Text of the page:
This article is from The IABM Business Intelligence Digest from September 2018. The full report can be viewed here Cyber security is a growing challenge for media organizations. According to the 2018 Verizon Data Breach Investigations Report, 68% of security breaches across industries took months or longer to discover. As they aggregate and distribute digital content through various channels, modern media companies are becoming increasingly connected enterprises. Cloud-based streaming piracy, theft of protected content, theft of customer data; the sources of threats for media organizations are multiple, and the nature of attacks varies dramatically. Some risks are common to every organization that uses information exchange software, cloud-based infrastructures and customer data. The specific risks to media organizations are related to the production and the distribution of content, which is increasingly subjected to costly attacks and theft. According to the antipiracy consulting firm Muso, traffic on internet piracy sites in 2017 represented a total of 300 billion visits, a 1.6% increase from 2016. This reflects the global increase in mobile use: while just 13% of visits to piracy sites are via desktop, 87% of visits to illegal platforms are from mobile devices. In 2018, the industry is taking security much more...
As technology becomes increasingly important for successful business operations, the value of a strong cyber liability insurance policy will only continue to grow.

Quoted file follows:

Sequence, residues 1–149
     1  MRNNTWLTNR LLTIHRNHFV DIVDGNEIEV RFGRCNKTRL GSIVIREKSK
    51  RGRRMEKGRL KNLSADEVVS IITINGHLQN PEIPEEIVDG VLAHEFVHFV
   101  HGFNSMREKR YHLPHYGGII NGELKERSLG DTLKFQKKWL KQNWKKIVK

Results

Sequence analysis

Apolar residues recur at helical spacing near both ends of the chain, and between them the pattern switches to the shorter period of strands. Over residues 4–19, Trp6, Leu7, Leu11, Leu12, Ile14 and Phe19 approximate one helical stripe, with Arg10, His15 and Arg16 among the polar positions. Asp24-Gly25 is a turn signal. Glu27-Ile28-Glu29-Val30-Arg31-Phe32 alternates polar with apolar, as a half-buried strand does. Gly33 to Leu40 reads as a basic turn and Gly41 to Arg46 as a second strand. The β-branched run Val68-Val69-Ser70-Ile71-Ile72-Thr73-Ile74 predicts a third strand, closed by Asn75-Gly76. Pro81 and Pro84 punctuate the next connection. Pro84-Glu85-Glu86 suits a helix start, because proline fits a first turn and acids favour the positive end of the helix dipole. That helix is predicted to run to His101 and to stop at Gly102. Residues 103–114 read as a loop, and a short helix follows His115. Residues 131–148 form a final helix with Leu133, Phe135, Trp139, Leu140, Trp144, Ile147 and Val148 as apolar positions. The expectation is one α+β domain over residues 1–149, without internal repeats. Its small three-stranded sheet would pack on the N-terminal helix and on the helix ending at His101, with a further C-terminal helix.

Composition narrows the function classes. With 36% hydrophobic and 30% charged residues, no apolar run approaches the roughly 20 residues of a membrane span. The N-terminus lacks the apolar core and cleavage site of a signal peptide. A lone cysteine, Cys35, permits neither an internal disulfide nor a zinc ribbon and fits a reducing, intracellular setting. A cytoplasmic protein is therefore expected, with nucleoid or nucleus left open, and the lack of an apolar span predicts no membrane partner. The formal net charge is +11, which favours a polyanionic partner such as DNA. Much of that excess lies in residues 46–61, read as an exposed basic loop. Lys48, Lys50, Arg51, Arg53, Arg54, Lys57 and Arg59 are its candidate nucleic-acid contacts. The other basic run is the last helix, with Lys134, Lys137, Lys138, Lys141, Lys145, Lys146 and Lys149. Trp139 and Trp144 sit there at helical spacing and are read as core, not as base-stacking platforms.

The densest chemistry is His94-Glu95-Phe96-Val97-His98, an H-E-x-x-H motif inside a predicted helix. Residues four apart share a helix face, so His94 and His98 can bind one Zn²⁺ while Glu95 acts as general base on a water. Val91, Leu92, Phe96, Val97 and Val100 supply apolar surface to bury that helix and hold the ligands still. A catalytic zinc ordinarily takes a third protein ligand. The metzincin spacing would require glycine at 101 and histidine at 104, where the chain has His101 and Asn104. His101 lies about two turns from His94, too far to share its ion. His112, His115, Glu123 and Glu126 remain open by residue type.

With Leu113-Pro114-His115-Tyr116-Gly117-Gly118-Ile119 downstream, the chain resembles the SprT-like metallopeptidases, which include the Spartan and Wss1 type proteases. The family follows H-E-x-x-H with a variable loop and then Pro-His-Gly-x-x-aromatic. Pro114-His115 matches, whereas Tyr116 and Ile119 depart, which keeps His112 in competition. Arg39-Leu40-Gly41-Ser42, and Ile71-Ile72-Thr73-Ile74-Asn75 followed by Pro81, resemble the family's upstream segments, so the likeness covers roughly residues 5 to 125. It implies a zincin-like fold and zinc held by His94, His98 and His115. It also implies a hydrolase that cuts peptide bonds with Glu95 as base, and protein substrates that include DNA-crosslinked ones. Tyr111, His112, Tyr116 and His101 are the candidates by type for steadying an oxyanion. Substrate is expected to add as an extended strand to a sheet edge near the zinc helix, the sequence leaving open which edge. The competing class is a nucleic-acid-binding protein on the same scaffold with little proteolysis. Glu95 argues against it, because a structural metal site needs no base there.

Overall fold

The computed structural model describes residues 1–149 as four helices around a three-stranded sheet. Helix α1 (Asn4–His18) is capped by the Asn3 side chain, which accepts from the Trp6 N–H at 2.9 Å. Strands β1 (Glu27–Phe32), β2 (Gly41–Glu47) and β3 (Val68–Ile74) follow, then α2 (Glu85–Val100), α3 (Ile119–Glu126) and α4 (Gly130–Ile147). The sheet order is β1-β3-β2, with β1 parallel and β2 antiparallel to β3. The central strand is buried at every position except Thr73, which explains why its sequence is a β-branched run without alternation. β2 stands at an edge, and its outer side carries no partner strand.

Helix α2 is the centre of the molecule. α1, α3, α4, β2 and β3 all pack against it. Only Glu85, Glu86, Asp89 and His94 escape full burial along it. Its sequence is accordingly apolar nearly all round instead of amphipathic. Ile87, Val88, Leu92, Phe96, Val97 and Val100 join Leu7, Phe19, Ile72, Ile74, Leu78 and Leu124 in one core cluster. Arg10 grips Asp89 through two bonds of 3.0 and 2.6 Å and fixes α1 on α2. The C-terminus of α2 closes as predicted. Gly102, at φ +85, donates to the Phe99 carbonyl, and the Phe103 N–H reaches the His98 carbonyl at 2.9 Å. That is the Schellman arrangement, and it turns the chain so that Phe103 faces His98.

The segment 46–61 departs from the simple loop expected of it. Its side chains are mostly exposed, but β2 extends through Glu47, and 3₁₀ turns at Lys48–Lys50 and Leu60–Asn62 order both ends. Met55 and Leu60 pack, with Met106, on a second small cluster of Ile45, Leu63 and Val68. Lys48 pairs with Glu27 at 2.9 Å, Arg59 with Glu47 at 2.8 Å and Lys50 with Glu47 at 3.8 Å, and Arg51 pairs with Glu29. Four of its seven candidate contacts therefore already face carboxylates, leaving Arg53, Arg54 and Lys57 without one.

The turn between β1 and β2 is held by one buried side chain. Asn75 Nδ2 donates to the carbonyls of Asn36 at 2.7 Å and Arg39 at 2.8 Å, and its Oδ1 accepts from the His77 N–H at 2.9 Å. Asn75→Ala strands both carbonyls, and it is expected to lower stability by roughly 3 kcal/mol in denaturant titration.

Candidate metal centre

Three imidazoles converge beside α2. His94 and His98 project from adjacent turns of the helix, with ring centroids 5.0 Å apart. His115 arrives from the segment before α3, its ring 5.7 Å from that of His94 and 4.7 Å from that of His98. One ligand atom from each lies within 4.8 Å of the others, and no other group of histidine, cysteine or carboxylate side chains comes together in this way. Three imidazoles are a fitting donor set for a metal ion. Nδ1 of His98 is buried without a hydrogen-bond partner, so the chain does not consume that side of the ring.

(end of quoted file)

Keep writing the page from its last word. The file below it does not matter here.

The continued rise in the amount of information stored and transferred electronically has resulted in an increase in the potential exposures facing businesses. Regulations, such as the General Data Protection Regulation (GDPR), must also be considered, because a loss of sensitive personal information may subject you to fines and sanctions from your National Data Protection Authority.
The business landscape across Europe and the UK remains challenging for many IABM members. It was particularly gratifying then that all of the members I spoke to at NAB Show in Las Vegas said that the show was very good for them, both in terms of quantity and quality of attendees
Technology is part of every aspect of life. It has transformed our economies, created new ways of doing business and revolutionised how we live our lives. With so much of our lives connected online, our security on the web is top of the agenda, personally and in business. In my role, I look at everything from ethical hacking to threat intelligence and our digital lines of defence. Here’s how we’re managing risks at BT in an increasingly dangerous cyber world
As Les Anderson, global CSO & vice president cyber-security at BT, succinctly put it in his keynote: “It’s too easy to do badness.” His opening line at the entertaining and informative IABM cyber-security event, held at the imposing BT Tower, set the scene nicely for the myriad cyber-threats every business is now facing. And Anderson knows better than most, having spent 16 years as deputy director at the UK’s intelligence and security operation, GCHQ, prior to taking up the security reins at BT.